Persistence of traditional industries despite information sector growth
In this excerpt Goodnight evaluates North Carolina's place in the evolution of industry from manufacturing to information and technology. He notes that North Carolina is still a leader in traditional industries like hog farming and that despite the state's high-tech future, it has a long way to go.
Citing this Excerpt
Oral History Interview with Jim Goodnight, July 22, 1999. Interview I-0073. Southern Oral History Program Collection (#4007) in the Southern Oral History Program Collection, Southern Historical Collection, Wilson Library, University of North Carolina at Chapel Hill.
Full Text of the Excerpt
I want to ask some questions about your perspective on the wider economic transition in the state. You mentioned a moment ago that here in the RTP -- or the Triangle, maybe -- you think we've got enough built business space now in relation to the infrastructure. It reminded me that I wanted to ask your perspective on how far along this evolutionary trajectory has North Carolina come in itself from its traditional economic character -- textiles, agriculture, tobacco manufacturing, furniture -- to the high tech future. Is North Carolina there?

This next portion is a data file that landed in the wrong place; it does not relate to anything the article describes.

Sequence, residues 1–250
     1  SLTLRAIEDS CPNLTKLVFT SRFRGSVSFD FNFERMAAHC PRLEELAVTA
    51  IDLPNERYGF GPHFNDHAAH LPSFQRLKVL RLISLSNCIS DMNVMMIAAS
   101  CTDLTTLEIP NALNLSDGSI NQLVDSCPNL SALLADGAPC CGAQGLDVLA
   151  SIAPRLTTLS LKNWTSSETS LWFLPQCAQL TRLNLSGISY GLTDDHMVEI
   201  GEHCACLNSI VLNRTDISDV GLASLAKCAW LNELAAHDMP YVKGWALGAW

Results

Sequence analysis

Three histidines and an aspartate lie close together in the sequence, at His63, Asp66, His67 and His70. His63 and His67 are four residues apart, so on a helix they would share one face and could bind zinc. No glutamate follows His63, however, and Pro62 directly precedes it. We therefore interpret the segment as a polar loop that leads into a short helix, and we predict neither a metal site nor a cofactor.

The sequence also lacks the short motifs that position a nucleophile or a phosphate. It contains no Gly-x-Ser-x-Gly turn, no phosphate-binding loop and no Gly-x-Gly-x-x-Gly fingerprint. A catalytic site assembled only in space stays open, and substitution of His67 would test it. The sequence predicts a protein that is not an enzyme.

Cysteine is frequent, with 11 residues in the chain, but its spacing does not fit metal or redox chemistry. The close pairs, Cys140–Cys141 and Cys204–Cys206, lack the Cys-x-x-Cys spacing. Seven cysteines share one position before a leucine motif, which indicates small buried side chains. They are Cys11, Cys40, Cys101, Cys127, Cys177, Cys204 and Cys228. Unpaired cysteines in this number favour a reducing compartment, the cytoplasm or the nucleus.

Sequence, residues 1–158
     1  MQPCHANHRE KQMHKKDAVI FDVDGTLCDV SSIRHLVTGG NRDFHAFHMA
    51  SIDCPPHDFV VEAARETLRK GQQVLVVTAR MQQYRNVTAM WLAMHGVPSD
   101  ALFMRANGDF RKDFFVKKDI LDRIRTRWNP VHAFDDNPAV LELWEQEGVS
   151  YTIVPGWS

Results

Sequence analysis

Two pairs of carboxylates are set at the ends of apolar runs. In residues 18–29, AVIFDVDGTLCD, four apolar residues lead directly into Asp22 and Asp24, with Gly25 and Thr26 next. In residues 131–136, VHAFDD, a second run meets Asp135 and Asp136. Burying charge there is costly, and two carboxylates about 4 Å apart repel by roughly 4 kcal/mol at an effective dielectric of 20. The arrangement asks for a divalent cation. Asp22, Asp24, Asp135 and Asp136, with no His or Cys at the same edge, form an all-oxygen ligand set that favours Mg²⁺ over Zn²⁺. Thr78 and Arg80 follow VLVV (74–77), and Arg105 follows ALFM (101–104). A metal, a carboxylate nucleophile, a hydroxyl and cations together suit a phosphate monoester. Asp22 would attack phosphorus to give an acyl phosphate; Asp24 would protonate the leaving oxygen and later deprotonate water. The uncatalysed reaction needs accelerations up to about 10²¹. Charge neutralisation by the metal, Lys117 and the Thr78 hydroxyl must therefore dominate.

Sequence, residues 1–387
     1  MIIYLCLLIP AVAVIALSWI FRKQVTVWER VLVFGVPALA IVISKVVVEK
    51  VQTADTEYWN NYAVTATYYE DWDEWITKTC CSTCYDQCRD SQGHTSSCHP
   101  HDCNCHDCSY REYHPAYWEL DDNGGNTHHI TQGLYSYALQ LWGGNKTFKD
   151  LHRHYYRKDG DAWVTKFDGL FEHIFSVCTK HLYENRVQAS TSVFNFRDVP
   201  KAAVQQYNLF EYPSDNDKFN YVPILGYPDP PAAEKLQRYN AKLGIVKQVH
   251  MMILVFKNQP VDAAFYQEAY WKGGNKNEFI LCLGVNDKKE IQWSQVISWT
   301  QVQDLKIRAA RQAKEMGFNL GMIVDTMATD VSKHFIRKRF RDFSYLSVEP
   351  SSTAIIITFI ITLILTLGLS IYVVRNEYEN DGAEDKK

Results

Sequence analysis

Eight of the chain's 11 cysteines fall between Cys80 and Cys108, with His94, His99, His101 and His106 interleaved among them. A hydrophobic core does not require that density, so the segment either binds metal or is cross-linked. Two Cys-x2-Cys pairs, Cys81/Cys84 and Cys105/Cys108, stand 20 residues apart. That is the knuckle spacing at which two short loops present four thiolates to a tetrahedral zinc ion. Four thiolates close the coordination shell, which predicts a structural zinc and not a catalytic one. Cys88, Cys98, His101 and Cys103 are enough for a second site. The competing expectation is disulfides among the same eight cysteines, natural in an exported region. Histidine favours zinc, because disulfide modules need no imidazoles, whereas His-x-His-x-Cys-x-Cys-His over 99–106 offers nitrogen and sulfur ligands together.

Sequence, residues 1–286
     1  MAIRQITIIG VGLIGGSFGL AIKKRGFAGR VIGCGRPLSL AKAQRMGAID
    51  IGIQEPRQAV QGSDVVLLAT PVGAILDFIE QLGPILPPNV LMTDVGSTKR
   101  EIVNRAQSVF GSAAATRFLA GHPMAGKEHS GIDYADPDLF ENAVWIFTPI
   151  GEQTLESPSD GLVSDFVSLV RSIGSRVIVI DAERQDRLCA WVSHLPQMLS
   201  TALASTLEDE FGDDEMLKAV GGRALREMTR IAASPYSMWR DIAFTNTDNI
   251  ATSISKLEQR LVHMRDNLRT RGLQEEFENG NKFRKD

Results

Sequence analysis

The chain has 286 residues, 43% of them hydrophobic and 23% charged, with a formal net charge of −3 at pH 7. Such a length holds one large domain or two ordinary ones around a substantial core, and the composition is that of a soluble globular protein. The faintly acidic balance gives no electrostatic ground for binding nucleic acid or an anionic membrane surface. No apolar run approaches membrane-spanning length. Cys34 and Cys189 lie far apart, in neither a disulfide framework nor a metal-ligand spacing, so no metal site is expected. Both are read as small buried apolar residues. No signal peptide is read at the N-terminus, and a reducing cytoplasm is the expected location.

JG: Well it's hard to say. I think we're still one of the biggest turkey producers and biggest hog producers in the country. We're still having an awful lot of agriculture here in this state, and that's not going to go away. A lot of it's becoming more corporate though, than anything else. We're seeing these huge companies with hog farms down east. I think it'll continue to be a blend of these, but you know these agri-businesses that we see now, even they are getting more high tech. The day of the family farmer with forty acres out there is quickly coming to an end. We can see more and more corporate type farms, but North Carolina certainly has come a long way in the move to an information age. I guess that's what we'll think of the next century as, the information age or the knowledge century.